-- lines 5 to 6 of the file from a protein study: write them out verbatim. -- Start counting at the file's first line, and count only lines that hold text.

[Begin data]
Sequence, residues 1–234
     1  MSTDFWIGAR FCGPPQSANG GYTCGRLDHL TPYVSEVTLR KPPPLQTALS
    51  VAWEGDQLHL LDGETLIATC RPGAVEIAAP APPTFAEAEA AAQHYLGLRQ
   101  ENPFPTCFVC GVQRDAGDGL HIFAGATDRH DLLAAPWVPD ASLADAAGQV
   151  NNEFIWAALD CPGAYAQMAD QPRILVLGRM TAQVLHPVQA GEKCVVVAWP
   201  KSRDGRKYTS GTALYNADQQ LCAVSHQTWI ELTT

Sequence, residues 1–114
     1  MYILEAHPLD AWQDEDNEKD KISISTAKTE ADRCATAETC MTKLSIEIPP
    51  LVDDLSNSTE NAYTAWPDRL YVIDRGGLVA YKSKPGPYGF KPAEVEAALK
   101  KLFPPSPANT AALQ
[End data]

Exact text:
   151  NNEFIWAALD CPGAYAQMAD QPRILVLGRM TAQVLHPVQA GEKCVVVAWP
   201  KSRDGRKYTS GTALYNADQQ LCAVSHQTWI ELTT